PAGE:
liz zaretsky
Nov 8, 2017 · 5 min read

The eighteen months that I spent living and breathing the Hillary Clinton email program were the best of my life, and I’m so fucking excited to introduce you to it.

We were responsible for three things: raising money, recruiting and activating volunteers, and making sure people voted.

  • Of the $330 million raised by the digital program during the 2016 cycle, email was directly responsible for $180 million of that — and was a major mechanism of the overall fundraising program.
  • In the six weeks between the convention and the beginning of early vote, we doubled down on voter recruitment and moved more than 250,000 new volunteer signups over email.
  • And when it came time for voters to head to the polls, we did everything from chasing down mail-in ballots to emailing more than 850,000 people their polling places.

Just as important as the numbers is what we learned. We saw over and over again that an email program that takes into account the diversity of its audience and keeps the experience of the user front of mind is a better and stronger email program. We sent more than 10,000 emails to more than 8,000,000 people in total. We wrote twice that many drafts. We reached out to folks based on how much they’d donated, whether they lived in a certain state, how often they volunteered, whether they liked to buy merch from the HFA store, when they made their last donation, whether they preferred to read emails about Hillary’s policies or about Trump’s latest dumpster fire, and more. We spent our free moments trying to find the segment of people we weren’t reaching yet, or who we could be reaching out to in a smarter way.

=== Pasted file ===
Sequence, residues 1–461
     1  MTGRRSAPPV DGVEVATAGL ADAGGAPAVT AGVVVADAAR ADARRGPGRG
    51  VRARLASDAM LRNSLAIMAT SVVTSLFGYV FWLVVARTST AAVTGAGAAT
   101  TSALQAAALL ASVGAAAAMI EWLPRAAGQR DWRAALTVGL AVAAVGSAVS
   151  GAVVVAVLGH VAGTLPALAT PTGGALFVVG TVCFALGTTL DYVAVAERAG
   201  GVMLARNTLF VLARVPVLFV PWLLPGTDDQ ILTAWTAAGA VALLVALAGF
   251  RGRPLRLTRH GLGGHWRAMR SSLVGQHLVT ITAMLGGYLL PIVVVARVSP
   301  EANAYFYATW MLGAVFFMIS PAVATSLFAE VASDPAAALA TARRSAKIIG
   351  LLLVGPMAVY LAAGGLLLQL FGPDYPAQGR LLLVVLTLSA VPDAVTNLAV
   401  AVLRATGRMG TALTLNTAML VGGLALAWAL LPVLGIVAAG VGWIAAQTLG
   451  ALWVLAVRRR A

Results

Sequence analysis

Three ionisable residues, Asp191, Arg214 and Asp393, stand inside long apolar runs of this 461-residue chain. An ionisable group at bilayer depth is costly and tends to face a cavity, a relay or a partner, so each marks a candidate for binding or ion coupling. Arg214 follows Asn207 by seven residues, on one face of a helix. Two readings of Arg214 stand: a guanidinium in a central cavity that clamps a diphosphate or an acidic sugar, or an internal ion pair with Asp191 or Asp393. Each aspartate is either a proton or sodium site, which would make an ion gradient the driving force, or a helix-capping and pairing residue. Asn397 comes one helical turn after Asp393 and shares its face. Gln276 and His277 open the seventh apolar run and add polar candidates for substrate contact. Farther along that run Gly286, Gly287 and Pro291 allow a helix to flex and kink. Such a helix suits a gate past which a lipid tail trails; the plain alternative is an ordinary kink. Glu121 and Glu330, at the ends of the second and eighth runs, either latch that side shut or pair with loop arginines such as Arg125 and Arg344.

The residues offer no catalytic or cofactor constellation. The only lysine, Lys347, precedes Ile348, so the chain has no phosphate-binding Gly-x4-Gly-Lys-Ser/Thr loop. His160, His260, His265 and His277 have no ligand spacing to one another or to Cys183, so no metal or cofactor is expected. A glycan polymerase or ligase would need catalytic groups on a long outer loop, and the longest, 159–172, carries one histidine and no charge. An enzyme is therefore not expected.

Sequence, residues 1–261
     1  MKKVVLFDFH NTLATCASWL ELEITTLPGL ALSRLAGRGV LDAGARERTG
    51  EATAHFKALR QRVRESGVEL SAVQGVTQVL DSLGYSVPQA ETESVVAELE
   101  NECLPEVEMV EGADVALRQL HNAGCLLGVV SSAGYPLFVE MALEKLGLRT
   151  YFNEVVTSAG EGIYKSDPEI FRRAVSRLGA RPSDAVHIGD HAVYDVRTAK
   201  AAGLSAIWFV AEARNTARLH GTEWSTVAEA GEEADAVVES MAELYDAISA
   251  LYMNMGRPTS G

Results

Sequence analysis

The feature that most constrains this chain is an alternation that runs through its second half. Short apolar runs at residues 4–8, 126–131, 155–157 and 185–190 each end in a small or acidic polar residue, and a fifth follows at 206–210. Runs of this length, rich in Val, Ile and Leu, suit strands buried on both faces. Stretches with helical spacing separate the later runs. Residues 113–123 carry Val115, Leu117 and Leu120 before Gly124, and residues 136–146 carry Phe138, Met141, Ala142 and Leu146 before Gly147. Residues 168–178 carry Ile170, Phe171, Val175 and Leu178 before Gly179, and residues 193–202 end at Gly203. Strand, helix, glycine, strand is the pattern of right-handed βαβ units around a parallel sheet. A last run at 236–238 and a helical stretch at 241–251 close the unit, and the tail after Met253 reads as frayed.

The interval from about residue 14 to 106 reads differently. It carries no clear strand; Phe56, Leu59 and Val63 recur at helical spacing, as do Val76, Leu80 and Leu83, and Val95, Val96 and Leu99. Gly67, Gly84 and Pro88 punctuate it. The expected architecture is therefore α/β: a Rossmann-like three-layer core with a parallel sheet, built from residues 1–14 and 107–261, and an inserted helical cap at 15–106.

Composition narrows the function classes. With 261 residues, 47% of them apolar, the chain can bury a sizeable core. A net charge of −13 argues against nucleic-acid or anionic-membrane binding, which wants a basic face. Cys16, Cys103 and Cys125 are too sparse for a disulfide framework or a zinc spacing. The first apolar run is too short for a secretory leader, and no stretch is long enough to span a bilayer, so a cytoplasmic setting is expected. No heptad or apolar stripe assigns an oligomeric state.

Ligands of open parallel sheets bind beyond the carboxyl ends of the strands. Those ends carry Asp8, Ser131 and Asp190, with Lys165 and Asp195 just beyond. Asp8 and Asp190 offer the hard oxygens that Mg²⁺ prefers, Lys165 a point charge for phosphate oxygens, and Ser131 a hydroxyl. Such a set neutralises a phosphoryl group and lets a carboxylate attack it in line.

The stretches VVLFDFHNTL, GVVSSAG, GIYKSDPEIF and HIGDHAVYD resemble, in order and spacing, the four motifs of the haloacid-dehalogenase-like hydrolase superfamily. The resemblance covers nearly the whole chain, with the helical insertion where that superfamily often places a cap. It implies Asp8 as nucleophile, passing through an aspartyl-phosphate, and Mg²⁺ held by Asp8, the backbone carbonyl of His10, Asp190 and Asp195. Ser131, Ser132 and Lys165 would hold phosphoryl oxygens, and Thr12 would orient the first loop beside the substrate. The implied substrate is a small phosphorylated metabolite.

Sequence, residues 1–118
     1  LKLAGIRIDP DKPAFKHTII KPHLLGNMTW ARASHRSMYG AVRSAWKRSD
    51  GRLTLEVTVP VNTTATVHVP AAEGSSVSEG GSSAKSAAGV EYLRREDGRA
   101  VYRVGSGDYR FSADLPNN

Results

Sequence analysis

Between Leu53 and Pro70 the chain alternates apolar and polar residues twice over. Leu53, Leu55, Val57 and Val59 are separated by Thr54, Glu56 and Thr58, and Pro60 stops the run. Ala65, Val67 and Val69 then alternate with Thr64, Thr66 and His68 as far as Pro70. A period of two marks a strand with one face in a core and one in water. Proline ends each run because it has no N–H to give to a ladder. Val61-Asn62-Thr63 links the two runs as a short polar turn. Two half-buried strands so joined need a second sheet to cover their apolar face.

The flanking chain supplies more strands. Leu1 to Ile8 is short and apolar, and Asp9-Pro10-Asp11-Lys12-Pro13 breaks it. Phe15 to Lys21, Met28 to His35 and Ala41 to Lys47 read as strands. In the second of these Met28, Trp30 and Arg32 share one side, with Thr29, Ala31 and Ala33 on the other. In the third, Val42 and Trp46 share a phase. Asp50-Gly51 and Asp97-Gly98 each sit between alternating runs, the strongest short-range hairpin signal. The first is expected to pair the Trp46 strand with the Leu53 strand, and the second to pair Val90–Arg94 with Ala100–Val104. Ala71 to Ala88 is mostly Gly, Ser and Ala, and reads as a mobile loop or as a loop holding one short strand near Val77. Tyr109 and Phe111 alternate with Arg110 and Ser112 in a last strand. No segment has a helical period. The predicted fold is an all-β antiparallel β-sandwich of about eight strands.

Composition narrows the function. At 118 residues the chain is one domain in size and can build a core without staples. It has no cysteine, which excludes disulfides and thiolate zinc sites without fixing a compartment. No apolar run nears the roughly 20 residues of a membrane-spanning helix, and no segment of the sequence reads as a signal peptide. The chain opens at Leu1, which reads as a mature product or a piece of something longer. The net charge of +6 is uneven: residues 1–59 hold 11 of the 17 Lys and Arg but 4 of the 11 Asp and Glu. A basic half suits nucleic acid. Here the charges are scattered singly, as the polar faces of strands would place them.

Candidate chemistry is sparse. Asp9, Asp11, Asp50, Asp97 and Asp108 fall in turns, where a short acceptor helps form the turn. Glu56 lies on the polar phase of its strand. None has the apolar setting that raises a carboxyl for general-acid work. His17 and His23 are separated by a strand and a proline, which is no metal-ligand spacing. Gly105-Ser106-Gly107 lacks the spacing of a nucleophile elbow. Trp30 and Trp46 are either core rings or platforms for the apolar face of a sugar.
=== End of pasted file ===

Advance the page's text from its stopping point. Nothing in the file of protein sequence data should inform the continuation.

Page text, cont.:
And we took time to ask ourselves: Is there a better way we can be doing this work? Where are we saying “no” to requests that we’d really like to say “yes” to? With major help from our teammates in analytics and tech, we built an automated tool to invite people to events that drove more than 65,000 RSVPs we wouldn’t have had the bandwidth to reach otherwise. Automated fundraising programs — like a program that followed up with people who had started but not finished the process of making a donation and a program that automatically asked donors within reasonable range of maxing out to the campaign to do so — raised about $12 million dollars in the background. Where we could automate without losing good writing or smart segmenting, we did it, and it paid off.

There’s no doubt in my mind that the heart of this balance was Amanda Litman, the email director who shared with us her belief in the power of email to bring people closer to the heart of a campaign. Our team, our wild 20-person team, was, in fact, almost all women. And women didn’t just power this team — for the first time in presidential campaign history, the majority of our donors were women. Nearly 65% of donations were made by women. You want to tell me that women weren’t enthusiastic about Hillary Clinton? Tell that to the record numbers of women who signed up to volunteer. Tell that to the hundreds of thousands of proud holders of an official Woman Card — something we launched hours after our now-president accused Hillary of “playing the woman card” by advocating on behalf of women’s rights to the tune of nearly 16 million votes in the Democratic primary.